A reason why agents forget about investors

A reason why agents forget about investors

A reason why agents forget about investors

 

Ashley and I saw something last month and again this month that we haven’t seen in a long time. While out door knocking on the pre-foreclosures, we saw realtor signs in front of some of the houses being foreclosed on.

 

This happened a lot after the crash. Sellers would try to list their properties to get out from under a mortgage they couldn’t afford. Many of them found that no one could buy because property values had dropped, and their houses wouldn’t appraise. From that phenomenon, short sales became popular as agents began to help their clients via that route.

 

 

The houses we saw that were in pre-foreclosure back then that had realtor signs would often be pulled from auction due to their short sale status.

 

As home prices began to increase again, however, short sales dropped because sellers could actually sell their houses for more than what they had purchased them.

 

Now that I’m think about this, since 2016, we haven’t really seen any realtor signs in pre-foreclosures yards that didn’t have significant property distress.

 

So why are seeing them now?

 

Truthfully, I don’t know. Maybe, it’s because foreclosure instances have been so low for the past few years that the way an agent used to work them has become a little unfamiliar. You know — the “out of sight and out of mind” type situation.

 

Either way, it’s happening. And the foreclosure process is something agents should brush up on. Case in point: one of the owners we spoke with this month had a realtor sign out front and didn’t even know the property was being advertised in the paper for pre-foreclosure. To make matters worse, some of the houses with signs are making it all the way to auction.

 

To combat this situation, I talked to a few of those agents and reminded them that if they have a deal that’s in foreclosure, they should call us because we can help.

 

We want to make sure we aren’t out of sight and out of mind.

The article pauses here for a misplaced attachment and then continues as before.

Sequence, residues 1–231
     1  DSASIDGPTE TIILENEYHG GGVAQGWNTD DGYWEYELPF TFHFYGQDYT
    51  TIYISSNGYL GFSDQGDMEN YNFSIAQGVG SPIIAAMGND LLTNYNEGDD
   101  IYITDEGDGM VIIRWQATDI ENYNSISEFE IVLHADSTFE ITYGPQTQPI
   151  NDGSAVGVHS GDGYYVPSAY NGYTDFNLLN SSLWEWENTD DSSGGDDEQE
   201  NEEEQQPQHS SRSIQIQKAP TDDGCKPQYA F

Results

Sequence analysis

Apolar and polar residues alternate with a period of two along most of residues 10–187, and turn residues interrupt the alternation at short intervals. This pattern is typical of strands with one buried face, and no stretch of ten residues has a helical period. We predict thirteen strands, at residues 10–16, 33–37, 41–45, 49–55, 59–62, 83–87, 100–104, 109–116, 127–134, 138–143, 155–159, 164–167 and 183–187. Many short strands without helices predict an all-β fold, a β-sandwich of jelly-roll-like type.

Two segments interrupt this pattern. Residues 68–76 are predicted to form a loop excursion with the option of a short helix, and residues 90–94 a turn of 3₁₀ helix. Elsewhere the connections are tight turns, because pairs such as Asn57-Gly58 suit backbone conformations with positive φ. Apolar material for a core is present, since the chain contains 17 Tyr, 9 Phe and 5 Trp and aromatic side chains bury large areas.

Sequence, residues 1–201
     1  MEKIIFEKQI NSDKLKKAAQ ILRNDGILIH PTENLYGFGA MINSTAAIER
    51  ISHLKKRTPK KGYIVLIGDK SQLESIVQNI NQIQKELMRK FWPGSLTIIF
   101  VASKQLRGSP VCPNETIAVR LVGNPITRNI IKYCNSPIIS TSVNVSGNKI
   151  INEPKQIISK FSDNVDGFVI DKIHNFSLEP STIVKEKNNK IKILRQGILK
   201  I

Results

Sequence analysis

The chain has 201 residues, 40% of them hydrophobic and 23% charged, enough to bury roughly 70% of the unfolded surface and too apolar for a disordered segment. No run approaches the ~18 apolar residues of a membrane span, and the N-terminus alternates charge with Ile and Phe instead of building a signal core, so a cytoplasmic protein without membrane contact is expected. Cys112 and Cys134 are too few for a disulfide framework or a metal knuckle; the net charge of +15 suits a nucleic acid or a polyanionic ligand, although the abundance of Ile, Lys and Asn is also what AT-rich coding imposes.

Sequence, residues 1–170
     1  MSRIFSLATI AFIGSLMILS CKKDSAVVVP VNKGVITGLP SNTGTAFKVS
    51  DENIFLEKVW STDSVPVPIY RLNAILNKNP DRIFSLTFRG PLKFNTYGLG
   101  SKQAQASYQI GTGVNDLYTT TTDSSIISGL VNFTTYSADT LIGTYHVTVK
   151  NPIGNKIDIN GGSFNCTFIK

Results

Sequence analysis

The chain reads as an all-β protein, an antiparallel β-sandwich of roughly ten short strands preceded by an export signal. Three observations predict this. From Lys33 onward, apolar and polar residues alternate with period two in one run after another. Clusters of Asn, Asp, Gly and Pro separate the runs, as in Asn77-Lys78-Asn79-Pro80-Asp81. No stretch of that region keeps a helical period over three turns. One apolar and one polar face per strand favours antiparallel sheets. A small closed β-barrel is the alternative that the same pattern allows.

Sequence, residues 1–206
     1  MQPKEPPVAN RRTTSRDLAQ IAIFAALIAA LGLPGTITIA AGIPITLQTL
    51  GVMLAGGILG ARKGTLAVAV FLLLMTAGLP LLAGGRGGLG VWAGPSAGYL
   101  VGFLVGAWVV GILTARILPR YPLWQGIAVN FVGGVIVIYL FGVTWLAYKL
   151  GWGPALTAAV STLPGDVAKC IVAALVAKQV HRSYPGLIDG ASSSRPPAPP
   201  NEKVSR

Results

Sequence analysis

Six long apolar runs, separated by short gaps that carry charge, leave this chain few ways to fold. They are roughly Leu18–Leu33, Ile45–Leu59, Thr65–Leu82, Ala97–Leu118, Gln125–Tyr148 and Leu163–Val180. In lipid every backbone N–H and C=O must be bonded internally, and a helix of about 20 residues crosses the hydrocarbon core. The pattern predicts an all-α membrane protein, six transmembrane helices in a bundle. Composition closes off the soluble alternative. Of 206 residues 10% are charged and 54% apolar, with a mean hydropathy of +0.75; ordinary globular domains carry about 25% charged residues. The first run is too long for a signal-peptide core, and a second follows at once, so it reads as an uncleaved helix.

But I don’t think that’s all that’s going on here. Let me explain something we came across that makes agents reluctant to work with investors.

 

I was called by one of the top agents in our area who had a listing with some distress on it. I had looked at the listing before, but the margins were very slim, especially for an all-cash deal.

 

When I talked to the agent, she was upfront about the issues, and she let me know that the owners needed help. She also informed me that an investor from out of town had made the sellers an offer directly. She didn’t have a problem with that per say, but what she did have a problem with was the fact that the investor made it very clear he wanted to cut the agent out of the deal.

 

For multiple reasons, this is not a good business practice. The main one being the agent had an active exclusive listing agreement with the sellers. She had worked hard, had been diligent about showing the property, and was even working to overcome the sellers’ issues.

 

She had done exactly what she was supposed to do, done it well and deserved to be paid.

 

When we work with agents, we always make sure they get their commission. It’s not right to not pay them, especially when they’re doing their jobs. I believe we are about to enter a market cycle where it will be imperative for agents and investors to work well together. And if you try to make deals by cutting commissions, that will be a reason why agents forget about investors.

 

Joe and Ashley English buy houses and mobile homes in Northwest Georgia. For more information or to ask a question, go to www.cashflowwithjoe.com or call Joe at 678-986-6813.

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